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The history of gas extraction in the north of the Netherlands says it all: the province of Groningen is heavily dependent on fossil fuels. Next year, the gas valve in the province will be turned off and in order to keep up with the energy transition, the province will receive EU support through the Just Transition Fund. The province is currently taking stock of where the funds will be spent. It is anticipated that the fund will be opened in Groningen next April for applications from the business community, knowledge and educational institutions, social organizations, and government agencies.

In 2050, the time will have come for the entire European Union to be climate neutral. Over the coming decades, the Netherlands will have to work hard to make the energy transition a reality. In June, the Just Transition Fund (JTF) made a budget of over 17.5 billion euros available, of which the Netherlands will receive €623 millions in the years ahead. The fund is intended to ensure that transition takes place in a fair and equitable manner throughout the Netherlands. Within the Netherlands, Groningen is expected to be hit hardest. More than half of the money that the Netherlands will receive (€ 330 million) will therefore go to this province. A plan is currently being drawn up for the specific allocation of the JTF funds.

Owing to a number of factors, the energy transition in Groningen is going to be a bigger task compared to other provinces in the Netherlands, unless it gets additional support. “Gas extraction plays a big role in the industry in the province,” says Selma Zorgman, JTF quartermaster at the Province of Groningen. “Now that the gas valve is being turned off, we really need to make a switch. In addition, the socio-economic starting position of Groningen is not as strong as that of other regions in the Netherlands. For one thing, it has a lower average income compared to the rest of the Netherlands. The population also has a lower average level of education. Which is why it is good that there is additional support from Europe to enable us to realize this energy transition, without there being parties or groups of residents that are unable to be involved for whatever reason. Together with stakeholders from various disciplines, such as energy, economics, labor market and innovation, we have made an inventory of where the money should be spent,” Zorgman says.

Supporting the manufacturing and chemical industries

Various projects from the region qualify for the JTF. These projects focus, among other things, on investments in SMEs and the retraining, further training and upskilling of employees and job seekers. For instance, some of the funds are expected to go to SMEs in the manufacturing and chemical industries, among other sectors. “Imagine that a company has a plant, while the CO2 emissions have to brought down. Then a lot has to change within that company. Consider the replacement of raw materials that are used and the replacement or modification of equipment. Entire processes will change, but so will the economic chains. For example, the fund can offer support in connecting companies to parties that bring innovations to the market, like circular raw materials. This way, new innovations will be conceived and new pilot plants will be created over the next few years.”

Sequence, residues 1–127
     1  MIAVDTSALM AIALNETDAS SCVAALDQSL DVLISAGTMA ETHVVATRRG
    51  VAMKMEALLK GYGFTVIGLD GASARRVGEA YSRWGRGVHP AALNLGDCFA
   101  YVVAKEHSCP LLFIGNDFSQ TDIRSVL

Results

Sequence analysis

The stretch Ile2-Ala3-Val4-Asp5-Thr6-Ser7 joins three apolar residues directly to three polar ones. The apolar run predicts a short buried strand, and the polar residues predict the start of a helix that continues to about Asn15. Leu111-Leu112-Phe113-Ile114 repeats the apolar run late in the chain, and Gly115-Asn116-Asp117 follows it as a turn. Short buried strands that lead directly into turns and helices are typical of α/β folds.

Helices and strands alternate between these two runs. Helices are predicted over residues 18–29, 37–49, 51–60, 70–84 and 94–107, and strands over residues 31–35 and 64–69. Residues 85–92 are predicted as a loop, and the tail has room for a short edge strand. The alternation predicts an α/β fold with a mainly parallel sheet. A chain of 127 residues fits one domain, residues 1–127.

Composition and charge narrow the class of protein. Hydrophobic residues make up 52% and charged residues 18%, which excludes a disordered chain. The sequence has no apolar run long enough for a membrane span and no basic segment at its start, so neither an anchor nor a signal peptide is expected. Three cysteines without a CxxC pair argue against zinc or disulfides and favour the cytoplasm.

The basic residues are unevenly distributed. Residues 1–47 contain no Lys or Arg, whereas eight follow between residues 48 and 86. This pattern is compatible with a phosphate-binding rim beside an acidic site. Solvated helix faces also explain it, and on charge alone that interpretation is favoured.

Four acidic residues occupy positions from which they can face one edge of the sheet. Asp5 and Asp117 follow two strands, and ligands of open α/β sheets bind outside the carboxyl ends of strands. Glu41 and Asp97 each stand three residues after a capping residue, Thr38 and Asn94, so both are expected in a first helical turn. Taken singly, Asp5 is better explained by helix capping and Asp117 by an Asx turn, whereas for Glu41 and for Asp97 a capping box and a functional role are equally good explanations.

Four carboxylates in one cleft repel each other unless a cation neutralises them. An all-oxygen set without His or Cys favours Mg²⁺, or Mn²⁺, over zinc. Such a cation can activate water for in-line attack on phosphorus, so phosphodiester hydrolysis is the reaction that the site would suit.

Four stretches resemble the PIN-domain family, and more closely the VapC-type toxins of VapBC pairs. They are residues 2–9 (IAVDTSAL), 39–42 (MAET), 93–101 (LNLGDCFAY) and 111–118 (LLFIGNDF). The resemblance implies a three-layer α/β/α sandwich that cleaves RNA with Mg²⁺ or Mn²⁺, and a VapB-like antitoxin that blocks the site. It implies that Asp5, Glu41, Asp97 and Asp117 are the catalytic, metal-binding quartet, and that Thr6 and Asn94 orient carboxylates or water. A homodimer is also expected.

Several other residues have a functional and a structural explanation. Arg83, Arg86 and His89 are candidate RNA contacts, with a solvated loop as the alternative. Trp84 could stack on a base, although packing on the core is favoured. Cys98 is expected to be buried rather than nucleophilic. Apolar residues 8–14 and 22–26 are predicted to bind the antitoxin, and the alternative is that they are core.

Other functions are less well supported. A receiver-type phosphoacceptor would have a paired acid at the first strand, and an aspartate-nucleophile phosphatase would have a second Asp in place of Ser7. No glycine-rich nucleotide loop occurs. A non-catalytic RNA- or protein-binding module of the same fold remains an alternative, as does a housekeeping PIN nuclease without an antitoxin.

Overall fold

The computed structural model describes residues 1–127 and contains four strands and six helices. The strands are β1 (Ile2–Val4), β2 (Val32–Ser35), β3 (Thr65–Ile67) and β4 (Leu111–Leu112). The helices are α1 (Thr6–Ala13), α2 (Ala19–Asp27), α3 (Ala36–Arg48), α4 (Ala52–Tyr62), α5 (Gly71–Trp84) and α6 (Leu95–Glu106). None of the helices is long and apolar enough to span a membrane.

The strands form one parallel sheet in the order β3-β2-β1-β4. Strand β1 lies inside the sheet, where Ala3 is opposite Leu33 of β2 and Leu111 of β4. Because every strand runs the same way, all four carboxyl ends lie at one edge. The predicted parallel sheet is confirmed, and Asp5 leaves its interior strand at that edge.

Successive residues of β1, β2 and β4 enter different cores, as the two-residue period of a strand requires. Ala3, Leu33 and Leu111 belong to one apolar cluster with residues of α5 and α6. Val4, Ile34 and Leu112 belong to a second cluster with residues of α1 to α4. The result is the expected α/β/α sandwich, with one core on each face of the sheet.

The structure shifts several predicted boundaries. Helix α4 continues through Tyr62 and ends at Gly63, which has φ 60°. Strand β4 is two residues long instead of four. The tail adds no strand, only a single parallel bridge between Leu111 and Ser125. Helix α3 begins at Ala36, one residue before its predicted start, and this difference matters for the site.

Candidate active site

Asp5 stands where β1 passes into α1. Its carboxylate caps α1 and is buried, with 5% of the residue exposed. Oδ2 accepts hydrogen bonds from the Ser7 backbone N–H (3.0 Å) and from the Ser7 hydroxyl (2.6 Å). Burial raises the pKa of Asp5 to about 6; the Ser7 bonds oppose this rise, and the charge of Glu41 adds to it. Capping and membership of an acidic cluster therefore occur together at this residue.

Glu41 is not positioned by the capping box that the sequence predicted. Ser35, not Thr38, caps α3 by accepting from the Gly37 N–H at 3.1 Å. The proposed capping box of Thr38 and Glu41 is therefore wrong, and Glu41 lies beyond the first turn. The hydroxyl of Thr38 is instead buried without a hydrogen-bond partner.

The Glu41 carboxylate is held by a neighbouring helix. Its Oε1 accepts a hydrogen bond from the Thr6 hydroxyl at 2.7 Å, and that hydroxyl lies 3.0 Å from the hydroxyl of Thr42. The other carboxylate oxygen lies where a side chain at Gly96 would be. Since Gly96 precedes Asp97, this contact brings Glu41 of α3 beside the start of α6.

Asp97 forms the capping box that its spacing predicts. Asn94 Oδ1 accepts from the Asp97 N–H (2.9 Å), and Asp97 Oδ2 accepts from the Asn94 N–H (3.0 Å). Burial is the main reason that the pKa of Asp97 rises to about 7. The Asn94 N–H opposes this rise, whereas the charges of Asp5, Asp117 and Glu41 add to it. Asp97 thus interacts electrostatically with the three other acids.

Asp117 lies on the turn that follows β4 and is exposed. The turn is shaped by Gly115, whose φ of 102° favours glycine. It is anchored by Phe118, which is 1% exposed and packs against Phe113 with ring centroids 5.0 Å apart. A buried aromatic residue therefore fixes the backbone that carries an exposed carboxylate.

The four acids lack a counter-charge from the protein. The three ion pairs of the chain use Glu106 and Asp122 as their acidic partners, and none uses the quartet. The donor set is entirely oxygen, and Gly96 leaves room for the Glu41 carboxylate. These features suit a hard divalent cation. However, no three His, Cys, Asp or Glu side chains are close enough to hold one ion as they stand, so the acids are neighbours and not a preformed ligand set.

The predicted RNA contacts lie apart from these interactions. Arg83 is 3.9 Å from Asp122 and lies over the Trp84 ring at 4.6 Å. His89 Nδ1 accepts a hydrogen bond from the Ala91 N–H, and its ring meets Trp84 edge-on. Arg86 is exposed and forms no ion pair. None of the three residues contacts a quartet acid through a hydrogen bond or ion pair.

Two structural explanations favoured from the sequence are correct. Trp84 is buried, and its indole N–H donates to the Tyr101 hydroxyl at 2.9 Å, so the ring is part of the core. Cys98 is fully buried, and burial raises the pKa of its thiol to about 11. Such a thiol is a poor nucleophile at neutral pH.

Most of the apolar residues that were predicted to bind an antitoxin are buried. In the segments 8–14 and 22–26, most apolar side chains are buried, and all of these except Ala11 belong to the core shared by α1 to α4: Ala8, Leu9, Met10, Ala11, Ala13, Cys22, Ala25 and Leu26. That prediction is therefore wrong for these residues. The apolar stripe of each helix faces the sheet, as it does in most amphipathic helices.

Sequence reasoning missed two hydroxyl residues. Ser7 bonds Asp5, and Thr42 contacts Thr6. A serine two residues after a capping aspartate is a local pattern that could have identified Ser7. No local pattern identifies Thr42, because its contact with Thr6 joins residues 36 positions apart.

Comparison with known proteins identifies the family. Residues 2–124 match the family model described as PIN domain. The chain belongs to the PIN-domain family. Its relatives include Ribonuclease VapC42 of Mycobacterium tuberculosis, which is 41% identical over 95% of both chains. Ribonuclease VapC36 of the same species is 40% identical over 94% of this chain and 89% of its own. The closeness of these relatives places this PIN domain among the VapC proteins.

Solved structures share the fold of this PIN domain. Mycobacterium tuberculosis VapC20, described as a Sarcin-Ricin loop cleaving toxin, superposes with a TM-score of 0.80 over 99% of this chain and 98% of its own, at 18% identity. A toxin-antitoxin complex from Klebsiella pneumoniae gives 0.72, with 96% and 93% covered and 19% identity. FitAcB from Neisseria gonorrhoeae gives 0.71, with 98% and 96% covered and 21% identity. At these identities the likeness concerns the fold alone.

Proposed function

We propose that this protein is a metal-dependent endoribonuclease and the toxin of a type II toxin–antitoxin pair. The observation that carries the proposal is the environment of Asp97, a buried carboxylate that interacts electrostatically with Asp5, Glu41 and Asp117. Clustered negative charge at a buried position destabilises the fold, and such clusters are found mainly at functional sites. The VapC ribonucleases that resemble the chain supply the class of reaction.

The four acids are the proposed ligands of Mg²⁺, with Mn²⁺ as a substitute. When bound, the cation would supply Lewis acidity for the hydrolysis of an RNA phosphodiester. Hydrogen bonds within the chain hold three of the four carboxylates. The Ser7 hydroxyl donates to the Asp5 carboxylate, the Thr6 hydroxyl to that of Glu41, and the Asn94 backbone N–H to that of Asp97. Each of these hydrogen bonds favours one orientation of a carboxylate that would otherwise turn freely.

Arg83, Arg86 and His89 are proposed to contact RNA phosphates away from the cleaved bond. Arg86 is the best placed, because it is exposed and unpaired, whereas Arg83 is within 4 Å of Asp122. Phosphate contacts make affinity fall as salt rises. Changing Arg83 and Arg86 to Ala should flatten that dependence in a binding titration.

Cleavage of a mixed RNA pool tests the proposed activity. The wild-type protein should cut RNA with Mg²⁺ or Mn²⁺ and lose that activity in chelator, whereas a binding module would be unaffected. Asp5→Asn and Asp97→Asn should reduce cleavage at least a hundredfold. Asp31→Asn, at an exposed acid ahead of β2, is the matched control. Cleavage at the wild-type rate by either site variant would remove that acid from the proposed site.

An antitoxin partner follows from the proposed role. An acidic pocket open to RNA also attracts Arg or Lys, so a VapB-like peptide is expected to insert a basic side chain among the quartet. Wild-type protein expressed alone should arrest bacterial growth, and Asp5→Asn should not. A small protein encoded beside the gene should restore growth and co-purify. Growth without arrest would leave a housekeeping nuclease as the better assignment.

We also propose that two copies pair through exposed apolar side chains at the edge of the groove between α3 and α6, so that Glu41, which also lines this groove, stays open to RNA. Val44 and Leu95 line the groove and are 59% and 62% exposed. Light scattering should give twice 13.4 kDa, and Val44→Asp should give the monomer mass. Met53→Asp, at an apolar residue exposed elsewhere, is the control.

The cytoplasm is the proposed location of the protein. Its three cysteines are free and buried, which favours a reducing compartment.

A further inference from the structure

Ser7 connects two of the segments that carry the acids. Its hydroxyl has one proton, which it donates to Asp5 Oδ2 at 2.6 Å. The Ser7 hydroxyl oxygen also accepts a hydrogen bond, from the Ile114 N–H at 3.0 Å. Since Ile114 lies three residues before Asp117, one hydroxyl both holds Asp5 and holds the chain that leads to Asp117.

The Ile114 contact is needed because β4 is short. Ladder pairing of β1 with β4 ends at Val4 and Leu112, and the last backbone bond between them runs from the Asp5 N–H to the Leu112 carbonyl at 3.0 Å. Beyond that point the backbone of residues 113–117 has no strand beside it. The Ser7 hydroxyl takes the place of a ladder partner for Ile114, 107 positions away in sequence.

At the end of this year, the concrete JTF plans will be submitted by the Netherlands to the European Commission for approval. “And in the spring all the rules of the game will then be clear and we can really get started. That the energy transition is going to take place, there is no longer any doubt about that. It’s now a matter of seeing how we can make sure that we are going to get through it successfully, and ideally, benefit from it as well.” The amount of 330 million euros in funds that has been promised for Groningen can still be adjusted by the European Commission, depending on the plan submitted from the province.

Collaboration with Friesland and Drenthe

The plans surrounding the fund are being made in collaboration with the other northern provinces and the labor market round table for the Northern Netherlands, with all provinces contributing their own unique expertise. “Groningen has been strongly committed to hydrogen and wind at sea for a long time, and Friesland in turn has a lot of knowledge when it comes to water technology. We can make good use of that knowledge in making the Northern Netherlands more sustainable, and are working closely together for that purpose,” says Zorgman.

A leverage effect

The fund alone is not enough to ensure that the energy transition in Groningen will proceed smoothly, Zorgman admits. For example, substantial investments still need to be made in entire energy infrastructure in the province. “We have to make sure that the energy grid can cope with the power generated by wind farms, for example. We need to look at how we can deal with the peaks and troughs in the supply of solar and wind energy. JTF is aimed at stimulating innovations in that area, but larger sums are needed. The fund has a kind of leverage effect. Hopefully governments and other non-European funds will follow.”

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